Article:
Camino Portugues in Pictures

Photo Gallery of my Camino Portugues, Porto to Santiago, July 2012…

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11 Responses to Camino Portugues in Pictures

  1. Jane V. Blanchard says:

    Wonderful pictures. I can’t wait until next May when I too will walk the Portuguese Way

  2. Dina says:

    Thank you for posting! I’m of Portugues decent but I’ve never been there, it looks amazing and beautiful.

  3. Alyssa Houk says:

    If there is such a thing as “visually peaceful” those pictures fall into that category. Thanks for sharing….they brought a calm to my afternoon :)

  4. caminotravel says:

    Wonderful pictures!!
    do you walk from porto to vila do conde before go to barcelos?

    • I took the coastal route from Porto and spent the night in charming Vila Chã. From there, I continued to Rates and then to Tamel San Pedro Fins. I did take the time to tour both Vila do Conde and Barcelos, but didn’t actually stay there overnight.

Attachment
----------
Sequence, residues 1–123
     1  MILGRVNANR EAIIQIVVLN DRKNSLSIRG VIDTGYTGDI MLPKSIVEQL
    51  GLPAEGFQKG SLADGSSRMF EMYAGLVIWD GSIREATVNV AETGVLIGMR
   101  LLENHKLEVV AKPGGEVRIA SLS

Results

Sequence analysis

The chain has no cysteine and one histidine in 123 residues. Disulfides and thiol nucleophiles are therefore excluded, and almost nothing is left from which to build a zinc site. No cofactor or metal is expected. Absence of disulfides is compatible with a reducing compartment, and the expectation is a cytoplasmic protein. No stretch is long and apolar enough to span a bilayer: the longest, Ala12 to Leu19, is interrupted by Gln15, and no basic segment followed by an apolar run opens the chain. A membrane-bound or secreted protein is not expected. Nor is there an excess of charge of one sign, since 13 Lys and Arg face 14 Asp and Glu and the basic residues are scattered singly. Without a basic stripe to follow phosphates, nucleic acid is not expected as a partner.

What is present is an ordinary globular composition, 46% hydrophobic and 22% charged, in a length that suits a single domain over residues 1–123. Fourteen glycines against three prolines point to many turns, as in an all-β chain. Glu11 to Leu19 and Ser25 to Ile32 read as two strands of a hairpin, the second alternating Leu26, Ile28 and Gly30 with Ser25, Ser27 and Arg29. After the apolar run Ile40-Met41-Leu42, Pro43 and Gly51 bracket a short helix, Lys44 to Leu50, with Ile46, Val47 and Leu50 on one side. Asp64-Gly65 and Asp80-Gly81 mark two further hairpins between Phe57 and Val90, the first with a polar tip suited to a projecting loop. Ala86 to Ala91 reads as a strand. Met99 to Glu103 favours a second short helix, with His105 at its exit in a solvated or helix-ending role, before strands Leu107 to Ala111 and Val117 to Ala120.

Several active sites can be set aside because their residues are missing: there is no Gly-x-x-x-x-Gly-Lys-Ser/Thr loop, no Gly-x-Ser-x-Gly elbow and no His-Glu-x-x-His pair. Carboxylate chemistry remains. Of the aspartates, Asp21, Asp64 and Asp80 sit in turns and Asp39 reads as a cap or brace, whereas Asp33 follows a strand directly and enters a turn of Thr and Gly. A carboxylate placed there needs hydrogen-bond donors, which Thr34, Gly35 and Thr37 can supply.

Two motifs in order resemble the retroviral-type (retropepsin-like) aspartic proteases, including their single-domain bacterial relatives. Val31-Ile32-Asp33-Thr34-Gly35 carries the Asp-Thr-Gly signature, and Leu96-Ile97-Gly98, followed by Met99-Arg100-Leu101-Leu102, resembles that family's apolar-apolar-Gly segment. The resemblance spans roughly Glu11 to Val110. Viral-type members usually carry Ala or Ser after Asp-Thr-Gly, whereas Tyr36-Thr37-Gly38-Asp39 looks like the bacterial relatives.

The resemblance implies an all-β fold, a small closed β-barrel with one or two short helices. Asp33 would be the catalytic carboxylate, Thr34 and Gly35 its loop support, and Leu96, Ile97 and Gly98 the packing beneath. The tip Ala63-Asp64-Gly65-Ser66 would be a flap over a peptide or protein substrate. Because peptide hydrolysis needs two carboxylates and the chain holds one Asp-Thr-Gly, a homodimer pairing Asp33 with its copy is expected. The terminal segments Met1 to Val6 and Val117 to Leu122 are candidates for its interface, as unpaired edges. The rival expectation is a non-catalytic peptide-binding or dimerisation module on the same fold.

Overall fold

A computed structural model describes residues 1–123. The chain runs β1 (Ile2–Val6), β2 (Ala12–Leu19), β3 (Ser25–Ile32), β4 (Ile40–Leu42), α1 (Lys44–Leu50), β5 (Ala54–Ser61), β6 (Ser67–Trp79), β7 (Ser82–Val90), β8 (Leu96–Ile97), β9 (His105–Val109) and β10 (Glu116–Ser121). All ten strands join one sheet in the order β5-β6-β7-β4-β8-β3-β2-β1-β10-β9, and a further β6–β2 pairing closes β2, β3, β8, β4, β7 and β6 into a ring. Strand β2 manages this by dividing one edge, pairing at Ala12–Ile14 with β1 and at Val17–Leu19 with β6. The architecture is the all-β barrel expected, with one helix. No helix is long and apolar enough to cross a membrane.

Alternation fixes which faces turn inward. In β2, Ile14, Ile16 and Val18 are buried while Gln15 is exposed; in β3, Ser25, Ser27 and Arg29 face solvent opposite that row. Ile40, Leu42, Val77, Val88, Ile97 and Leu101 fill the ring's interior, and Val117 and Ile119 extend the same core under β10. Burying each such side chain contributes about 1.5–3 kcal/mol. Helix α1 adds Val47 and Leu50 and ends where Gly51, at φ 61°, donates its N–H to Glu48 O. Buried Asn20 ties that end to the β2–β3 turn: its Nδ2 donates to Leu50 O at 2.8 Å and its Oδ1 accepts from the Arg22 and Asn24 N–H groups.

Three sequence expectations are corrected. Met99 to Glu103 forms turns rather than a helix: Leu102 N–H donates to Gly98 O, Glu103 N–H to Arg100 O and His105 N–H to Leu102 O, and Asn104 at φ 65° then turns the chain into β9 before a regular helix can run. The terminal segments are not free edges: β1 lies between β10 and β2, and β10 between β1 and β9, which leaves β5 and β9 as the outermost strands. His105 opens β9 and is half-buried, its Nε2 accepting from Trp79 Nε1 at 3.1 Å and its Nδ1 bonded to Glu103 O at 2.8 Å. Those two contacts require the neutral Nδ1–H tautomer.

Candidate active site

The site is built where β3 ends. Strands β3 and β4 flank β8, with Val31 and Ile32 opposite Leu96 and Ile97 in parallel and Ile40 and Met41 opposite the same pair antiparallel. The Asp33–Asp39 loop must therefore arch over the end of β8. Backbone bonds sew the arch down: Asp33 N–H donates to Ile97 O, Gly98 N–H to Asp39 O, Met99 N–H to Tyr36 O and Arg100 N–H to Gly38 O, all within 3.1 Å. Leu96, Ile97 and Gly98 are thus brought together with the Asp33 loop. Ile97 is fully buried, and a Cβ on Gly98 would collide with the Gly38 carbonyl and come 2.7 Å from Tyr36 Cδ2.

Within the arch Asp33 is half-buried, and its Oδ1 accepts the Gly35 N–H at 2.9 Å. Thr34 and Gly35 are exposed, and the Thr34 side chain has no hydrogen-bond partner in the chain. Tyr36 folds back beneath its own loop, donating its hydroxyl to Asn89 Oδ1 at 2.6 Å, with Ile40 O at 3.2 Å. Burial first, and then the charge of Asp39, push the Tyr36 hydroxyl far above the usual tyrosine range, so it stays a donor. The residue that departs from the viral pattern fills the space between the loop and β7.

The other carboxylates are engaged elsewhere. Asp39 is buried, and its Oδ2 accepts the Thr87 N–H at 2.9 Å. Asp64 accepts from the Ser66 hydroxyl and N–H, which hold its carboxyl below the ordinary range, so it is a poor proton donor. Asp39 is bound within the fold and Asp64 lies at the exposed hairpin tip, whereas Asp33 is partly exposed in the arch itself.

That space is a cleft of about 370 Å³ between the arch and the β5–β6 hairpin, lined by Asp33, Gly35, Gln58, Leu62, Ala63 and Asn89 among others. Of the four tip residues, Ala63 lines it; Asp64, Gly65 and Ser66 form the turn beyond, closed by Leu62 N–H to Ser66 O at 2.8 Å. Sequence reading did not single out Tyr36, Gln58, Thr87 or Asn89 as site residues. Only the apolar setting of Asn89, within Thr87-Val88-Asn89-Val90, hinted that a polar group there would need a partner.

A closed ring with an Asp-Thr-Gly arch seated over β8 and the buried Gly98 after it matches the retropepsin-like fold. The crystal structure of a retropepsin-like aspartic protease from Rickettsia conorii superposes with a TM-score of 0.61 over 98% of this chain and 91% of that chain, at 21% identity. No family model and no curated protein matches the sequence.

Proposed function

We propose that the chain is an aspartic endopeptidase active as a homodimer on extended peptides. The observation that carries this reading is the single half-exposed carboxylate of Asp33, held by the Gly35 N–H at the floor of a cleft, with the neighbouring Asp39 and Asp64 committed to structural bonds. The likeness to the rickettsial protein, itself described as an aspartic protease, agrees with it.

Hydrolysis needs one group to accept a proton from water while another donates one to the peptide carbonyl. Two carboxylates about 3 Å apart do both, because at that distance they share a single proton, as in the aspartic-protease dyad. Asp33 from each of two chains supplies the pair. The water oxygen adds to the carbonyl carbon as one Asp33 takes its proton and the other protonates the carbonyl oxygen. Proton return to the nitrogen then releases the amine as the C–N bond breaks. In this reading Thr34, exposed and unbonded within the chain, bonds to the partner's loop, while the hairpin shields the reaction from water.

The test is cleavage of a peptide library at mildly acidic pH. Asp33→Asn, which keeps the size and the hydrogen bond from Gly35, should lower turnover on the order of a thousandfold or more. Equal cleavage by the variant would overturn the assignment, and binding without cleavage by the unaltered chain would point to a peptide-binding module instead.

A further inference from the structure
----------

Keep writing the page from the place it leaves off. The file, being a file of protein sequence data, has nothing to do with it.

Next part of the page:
5. Violet says:

    Hi — I was considering doing the Camino Portugues this summer, starting in late June and going through July. Tell me, is the heat unbearable at that time of year? I grew up in Sacramento, California, where it would often get into the 90s/100s in the summer and didn’t bother me too much, but I have to admit that I’ve never hiked 15+ miles in that kind of heat. If I were to hike in the middle of the day, would it be difficult? Is the majority of the path shaded under trees, or is it out in the open?

    • Hi Violet,
      Are you planning on walking from Porto or Lisbon?
      In general, there are long stretches (especially from Lisbon) that are in open fields and roads so there will be direct sun. The majority of pilgrims start walking very early in the morning, so that they complete their daily walk before the hottest hours or take long lunch breaks. Preparing for the Spanish sun is definitely key no matter which route you take if you plan to walk in the summer; hat, sunglasses, sunblock are all essentials. Most people find that their body gets used to walking and you can stage and plan your breaks accordingly. The route from Porto is definitely more pilgrim-friendly, also having more options in terms of stops along the way, so you can make your daily walks shorter/longer, as needed.

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